Policy and Parenting Parallels
I've been thinking a bit about why I am missing work less with this maternity leave than I did when Hunter was born when I enjoy the job I have now more than I enjoyed the last one. I think I've figured it out. With the type of work I was doing when Hunter was born (providing social assistance) there was crisis and instant gratification on a daily basis - client has no food, I take action, client can buy food.
Policy, on the other hand, is a lot like parenting. With policy work you think about the outcome you want** (or the outcome you've been told to want), research interventions and theories about how to alter behaviours so as to create said outcome, examine what other jurisdictions are doing and assess the effectiveness, consult with stakeholders (ideally), choose the policy instrument (often based as much on instinct as research), implement it (if the electeds give you the okay), and while you periodically evaluate your intervention and make adjustments, the true implications of your choice are not known for years and unintended consequences are likely. All the while people are judging your intervention confident that if you had just consulted with them you would have made a much more effective choice.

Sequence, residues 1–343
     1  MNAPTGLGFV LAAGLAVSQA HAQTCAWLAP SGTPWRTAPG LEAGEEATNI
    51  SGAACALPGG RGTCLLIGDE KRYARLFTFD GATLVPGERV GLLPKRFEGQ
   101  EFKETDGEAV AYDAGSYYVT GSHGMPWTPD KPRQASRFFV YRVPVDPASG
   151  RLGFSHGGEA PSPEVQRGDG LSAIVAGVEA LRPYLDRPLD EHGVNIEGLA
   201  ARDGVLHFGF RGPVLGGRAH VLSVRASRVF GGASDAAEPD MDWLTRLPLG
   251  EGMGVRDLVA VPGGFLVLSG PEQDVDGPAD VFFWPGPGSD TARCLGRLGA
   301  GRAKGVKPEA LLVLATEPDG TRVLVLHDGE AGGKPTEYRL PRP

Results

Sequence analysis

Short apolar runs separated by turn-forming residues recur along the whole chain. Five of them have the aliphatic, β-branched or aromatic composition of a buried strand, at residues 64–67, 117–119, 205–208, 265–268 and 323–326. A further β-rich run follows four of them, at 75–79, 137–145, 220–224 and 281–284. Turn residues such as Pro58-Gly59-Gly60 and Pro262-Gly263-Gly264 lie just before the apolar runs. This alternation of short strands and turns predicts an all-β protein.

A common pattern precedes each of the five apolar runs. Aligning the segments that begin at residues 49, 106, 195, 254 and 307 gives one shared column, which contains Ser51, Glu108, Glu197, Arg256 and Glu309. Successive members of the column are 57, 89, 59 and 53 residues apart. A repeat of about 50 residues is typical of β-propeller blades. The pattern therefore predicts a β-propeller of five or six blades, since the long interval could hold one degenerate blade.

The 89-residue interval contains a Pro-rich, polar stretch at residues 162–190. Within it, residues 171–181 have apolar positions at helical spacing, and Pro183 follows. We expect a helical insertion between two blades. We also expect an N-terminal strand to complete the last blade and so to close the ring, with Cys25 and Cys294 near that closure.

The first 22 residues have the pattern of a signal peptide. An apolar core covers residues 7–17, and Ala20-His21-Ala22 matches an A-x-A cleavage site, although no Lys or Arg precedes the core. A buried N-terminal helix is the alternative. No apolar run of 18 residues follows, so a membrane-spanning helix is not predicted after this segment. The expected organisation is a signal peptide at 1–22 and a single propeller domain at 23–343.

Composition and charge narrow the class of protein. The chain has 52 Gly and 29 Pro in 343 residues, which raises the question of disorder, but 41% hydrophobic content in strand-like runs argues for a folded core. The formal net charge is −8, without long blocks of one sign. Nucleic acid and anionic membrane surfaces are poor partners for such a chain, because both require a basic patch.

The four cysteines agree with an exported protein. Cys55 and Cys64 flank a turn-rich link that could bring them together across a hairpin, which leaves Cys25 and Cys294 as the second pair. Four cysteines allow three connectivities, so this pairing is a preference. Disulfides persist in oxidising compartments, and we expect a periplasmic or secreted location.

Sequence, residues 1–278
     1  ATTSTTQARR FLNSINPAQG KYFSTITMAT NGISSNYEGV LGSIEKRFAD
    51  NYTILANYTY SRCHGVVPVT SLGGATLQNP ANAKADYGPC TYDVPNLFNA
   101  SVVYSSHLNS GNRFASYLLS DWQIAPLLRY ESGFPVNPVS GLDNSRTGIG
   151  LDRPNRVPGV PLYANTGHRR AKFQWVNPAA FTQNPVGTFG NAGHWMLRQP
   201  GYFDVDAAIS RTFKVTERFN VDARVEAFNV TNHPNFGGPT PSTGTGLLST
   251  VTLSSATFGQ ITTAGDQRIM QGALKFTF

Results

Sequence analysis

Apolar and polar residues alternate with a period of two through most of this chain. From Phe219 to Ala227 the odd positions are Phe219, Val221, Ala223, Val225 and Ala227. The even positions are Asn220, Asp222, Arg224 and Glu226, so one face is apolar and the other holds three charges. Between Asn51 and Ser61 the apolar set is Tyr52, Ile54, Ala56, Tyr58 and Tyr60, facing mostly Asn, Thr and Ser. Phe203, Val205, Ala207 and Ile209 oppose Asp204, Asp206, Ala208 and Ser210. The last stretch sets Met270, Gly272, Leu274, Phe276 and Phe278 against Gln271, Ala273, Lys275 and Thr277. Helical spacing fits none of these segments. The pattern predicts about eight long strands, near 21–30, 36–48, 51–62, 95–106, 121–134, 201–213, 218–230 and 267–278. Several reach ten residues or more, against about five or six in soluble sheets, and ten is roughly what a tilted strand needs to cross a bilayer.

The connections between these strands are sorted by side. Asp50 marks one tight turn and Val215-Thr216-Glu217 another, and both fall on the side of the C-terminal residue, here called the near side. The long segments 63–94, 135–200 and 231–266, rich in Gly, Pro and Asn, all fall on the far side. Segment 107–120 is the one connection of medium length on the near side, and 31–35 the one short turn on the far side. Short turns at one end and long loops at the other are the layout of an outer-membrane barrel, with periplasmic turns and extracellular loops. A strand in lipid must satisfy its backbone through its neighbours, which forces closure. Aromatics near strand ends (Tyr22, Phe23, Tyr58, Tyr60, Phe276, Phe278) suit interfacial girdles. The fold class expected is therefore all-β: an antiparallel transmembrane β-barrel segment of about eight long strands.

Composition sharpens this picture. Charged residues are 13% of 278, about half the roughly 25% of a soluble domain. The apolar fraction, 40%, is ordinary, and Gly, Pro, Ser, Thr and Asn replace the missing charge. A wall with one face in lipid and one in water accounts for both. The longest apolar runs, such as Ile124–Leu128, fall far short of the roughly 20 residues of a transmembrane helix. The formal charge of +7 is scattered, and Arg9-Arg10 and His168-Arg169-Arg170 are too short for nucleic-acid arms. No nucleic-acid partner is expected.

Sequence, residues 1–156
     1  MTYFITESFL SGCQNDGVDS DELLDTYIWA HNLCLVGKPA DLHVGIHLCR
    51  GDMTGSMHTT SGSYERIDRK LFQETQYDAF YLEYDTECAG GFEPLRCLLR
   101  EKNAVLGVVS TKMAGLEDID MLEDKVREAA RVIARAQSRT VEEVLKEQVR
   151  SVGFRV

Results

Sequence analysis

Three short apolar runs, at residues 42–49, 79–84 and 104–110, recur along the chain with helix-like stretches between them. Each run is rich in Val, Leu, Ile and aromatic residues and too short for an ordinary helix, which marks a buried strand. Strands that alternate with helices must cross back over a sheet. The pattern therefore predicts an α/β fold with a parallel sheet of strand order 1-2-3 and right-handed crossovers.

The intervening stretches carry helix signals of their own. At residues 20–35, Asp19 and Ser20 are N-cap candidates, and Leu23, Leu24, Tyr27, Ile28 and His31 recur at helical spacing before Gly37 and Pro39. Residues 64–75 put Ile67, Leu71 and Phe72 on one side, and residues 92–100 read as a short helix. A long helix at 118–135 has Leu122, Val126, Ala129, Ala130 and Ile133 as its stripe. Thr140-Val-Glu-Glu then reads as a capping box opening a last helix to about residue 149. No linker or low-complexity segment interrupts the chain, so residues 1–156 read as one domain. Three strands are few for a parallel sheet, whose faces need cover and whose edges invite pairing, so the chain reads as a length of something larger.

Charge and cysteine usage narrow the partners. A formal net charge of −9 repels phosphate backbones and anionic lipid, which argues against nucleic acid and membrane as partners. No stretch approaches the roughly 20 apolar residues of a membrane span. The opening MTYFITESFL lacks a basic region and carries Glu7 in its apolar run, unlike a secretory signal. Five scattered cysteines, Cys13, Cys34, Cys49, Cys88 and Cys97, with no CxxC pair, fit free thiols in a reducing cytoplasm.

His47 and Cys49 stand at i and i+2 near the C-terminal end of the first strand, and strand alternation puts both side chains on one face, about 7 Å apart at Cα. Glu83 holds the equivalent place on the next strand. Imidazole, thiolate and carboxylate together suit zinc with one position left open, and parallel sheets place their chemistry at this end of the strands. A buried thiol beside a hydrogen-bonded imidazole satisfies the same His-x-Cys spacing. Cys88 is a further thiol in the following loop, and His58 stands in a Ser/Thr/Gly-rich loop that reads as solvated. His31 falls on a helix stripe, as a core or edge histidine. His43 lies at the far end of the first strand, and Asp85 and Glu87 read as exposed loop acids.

With parenting you are trying to create healthy, well-adjusted adults. You read a ridiculous amount of books with theories and case studies, talk to other parents, assess (i.e. judge) the effectiveness of what those around you have done, and eventually go with your gut and make choices about how you're going to raise your children, when your approach isn't working you adjust it and in twenty years or so you know if you have created a well-adjusted healthy adult. Of course, as is the case with policy interventions, you don't control all the actors so can't completely own the successes but you're likely to wear the failures (at least somewhat).
Upon further consideration, though, there is a lot of instant gratification like I love yous, hugs, kisses, smiles, and homemade pictures; and there is definitely (minor) crisis management. Maybe I should just enjoy it and not question it.
** Policy wonks of course know that this is only one approach - there are gap-based models, problem centred approaches, etc. but this is the approach that fits so I'm going with it. If I had the inclination I'm sure I could make the other approaches fit too but you get the idea.
* This is a repost. I deleted because it wasn't quite right but I've decided it speaks to what I thought in the moment so am putting it back up.